• Why This Man Is Risking Jail by Refusing to Surrender Passwords at a London Airport [Updated] https://t.co/UxDkta5BqX via @gizmodo

Koala: GUI Sass/LESS compiler

Koala is free and open-source GUI app for compiling LESS, Sass, Compass and CoffeeScript.

Everybody likes to save time and automate boring and tedious tasks. That’s why I couldn’t be happier, when I discovered CSS pre-processors – Sass and LESS.

However those can be a bit overwhelming and hard to implement in your workflow, when you’re starting with them. There are numerous tools (both free and commercial) that do the hard work of compiling your Sass/LESS creations into web-readable CSS, but I’ll be focusing on particular one, which is free, open-source and beginner-friendly.

Koala App features

Koala App provides GUI (graphical user interface) for automatic compiling of LESS, Sass, Compass and CoffeeScript. It’s also multiplatform as it gets, with clients for Windows, Mac and Linux. And all that with a furry mascot :)

Download Koala

Getting started

Once you download, install and launch Koala (no pun intended), all you need to do is drag’n’drop your project folder to Koala. New “Koala project” will be created and your project’s file structure scanned for compatible (“compilable”) files.

Then you’re free to manage manipulation with these files:

  • enable/disable automatic file compilation when a change is detected
  • specify the output file’s destination (when you want to keep your Sass/LESS and CSS separate)
  • automatic CSS prefixing (you know: -webkit-, -moz- and others?)
  • enable file minification (and “uglyfication”) – in other words: choosing whether the output should be rather human readable or really small in file size
  • and many more..

All the file options are obviously specific to concrete language that you’re trying to compile. Go ahead and experiment with those options so you get the best that works for you.

Another nice Koala’s feature is Error notification. Imagine the scenario when you’re happily coding, but your code won’t compile, because it’s not valid. Ouch, good luck finding what’s wrong. Luckily, Koala pops up a notification window that <this> on line ## went wrong. It’s a helpul feature, even if you just leave out bracket or semicolon.

Project specific settings

Everything so far was app-specific. That means it all happened in your app, on your computer. What if you work from multiple devices? Or when you are collaborating with someone?

That’s when Project settings comes in handy. It’s a small file, that can be generated right from Koala app (right-click on your Project) and which contains global configuration for your project. Keep it in your project’s root folder and anytime anyone imports that Project (~ folder) into Koala, these global settings will be used and everybody will be “on the same page”.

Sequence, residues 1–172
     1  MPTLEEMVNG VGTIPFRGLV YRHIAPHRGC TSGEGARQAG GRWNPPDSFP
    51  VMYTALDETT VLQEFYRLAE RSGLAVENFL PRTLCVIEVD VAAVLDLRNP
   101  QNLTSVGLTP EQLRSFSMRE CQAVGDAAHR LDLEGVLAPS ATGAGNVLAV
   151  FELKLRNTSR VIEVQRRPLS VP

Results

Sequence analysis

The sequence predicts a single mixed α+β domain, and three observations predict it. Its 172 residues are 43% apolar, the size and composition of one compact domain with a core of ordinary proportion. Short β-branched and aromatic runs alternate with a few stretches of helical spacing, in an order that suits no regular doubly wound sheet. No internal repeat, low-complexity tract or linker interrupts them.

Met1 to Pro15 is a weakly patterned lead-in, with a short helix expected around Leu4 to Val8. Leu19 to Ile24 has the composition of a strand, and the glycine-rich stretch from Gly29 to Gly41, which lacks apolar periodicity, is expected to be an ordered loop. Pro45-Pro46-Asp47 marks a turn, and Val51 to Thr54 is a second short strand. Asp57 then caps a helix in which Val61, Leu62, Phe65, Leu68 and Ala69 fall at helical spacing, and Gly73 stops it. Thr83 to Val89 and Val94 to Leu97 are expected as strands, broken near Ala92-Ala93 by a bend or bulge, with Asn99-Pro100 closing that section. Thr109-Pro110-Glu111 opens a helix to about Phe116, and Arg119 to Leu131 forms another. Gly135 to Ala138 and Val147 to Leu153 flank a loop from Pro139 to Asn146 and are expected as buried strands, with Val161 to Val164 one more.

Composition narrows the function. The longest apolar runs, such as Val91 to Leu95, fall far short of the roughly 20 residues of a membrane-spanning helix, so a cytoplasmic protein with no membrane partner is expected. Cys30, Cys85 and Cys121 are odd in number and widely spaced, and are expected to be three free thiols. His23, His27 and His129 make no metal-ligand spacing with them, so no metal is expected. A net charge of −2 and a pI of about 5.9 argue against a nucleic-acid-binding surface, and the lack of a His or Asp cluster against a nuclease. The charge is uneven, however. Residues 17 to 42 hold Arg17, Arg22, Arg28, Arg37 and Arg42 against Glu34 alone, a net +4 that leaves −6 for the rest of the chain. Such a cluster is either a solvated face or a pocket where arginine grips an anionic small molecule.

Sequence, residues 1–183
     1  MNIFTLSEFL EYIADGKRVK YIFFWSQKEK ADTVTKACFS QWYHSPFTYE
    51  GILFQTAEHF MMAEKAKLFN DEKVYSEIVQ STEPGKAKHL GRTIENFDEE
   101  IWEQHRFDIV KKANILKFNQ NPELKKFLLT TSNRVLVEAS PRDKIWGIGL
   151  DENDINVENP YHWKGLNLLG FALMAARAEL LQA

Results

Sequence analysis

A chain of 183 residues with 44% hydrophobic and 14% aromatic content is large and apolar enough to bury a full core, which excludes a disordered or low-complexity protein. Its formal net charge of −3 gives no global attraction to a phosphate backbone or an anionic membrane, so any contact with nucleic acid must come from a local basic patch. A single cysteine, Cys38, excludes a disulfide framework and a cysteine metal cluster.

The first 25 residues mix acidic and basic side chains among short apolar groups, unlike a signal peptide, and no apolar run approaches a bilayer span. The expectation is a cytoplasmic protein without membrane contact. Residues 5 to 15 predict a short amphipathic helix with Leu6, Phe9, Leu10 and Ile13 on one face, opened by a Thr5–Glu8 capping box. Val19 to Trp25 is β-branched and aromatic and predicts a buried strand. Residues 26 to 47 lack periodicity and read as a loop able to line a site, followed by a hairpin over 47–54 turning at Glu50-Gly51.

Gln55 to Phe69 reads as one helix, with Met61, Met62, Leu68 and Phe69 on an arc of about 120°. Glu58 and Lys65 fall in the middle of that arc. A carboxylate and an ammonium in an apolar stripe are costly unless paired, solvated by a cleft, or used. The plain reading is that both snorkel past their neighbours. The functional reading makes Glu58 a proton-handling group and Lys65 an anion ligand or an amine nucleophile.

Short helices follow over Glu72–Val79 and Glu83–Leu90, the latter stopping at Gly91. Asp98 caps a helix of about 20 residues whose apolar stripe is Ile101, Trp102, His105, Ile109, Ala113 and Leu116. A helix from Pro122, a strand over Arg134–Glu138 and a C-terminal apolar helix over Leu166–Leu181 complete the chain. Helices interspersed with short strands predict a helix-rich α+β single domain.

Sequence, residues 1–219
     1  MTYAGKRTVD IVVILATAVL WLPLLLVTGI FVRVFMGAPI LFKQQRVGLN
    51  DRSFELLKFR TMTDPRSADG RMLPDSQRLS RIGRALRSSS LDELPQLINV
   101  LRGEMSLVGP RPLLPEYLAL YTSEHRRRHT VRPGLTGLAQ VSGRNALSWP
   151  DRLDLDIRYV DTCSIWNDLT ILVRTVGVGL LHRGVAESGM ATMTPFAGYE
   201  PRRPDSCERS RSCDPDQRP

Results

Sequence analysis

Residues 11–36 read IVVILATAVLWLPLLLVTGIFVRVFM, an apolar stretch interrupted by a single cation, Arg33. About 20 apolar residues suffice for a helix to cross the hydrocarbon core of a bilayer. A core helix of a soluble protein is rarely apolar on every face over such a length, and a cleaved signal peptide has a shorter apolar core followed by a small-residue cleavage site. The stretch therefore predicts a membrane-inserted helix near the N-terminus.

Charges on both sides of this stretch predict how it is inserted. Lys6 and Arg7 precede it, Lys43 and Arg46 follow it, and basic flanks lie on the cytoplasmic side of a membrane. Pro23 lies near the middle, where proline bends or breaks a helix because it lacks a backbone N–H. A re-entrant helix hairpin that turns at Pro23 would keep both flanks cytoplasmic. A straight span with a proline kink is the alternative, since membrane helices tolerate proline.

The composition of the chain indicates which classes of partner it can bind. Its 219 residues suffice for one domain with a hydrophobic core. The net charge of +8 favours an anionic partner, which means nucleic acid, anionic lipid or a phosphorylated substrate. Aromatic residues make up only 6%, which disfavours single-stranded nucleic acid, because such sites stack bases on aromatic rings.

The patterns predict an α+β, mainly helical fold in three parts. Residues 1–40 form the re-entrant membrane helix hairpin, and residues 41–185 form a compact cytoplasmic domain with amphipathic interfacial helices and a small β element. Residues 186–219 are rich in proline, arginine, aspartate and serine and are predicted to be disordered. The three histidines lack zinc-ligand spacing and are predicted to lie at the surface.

Alternatives

As I mentioned, Koala certainly isn’t the only app in the field. There is Prepros (freemium, $29), super-advanced and ultra customizable Grunt.js “the JavaScript Task Runner” (free, open-source), which is insanely powerful, but not that easy as Koala or Prepros.

Whatever tool you’re choose it’s up to you. The important thing is that you want to save time and do that effectively. Staying on the topic, which tools do you use to minimize the boring routines in your workflow? Share with us in the comments below!

(Visited 2,420 times, 67 visits today)

About Author

Follow on
Martin Allien

Graphic & Web Design freelancer from Prague. Loving opensource not because it's free, but 'cos it's open. Fighter for privacy, anonymity and freedom.
Say hi @AllienWorks

2 Comments

Please leave out insults, spamming and other unpleasant activities.
Thanks for your feedback!

  1. Hi Good morning,

    I want to work in koala GUI but i dont know how to structure my project so, kindly help me in this regards,

    Waiting for your reply.

    Regards,

    1. Hey Azhar! How you’ll structure your projects is completely up to you. If you’re not sure, start with default options (where compiled files will be in the same folders as original Sass/LESS files). Some devs prefer having their Sass/LESS separated in different folders (e.g. Sass files in “sass/” folder and compiled CSS in “css/”) – but as I said, it’s completely up to you and your workflow. Good luck!

Leave a Comment

Your email address will not be published.

You may use these HTML tags and attributes: <a href="" title=""> <abbr title=""> <acronym title=""> <b> <blockquote cite=""> <cite> <code> <del datetime=""> <em> <i> <q cite=""> <s> <strike> <strong>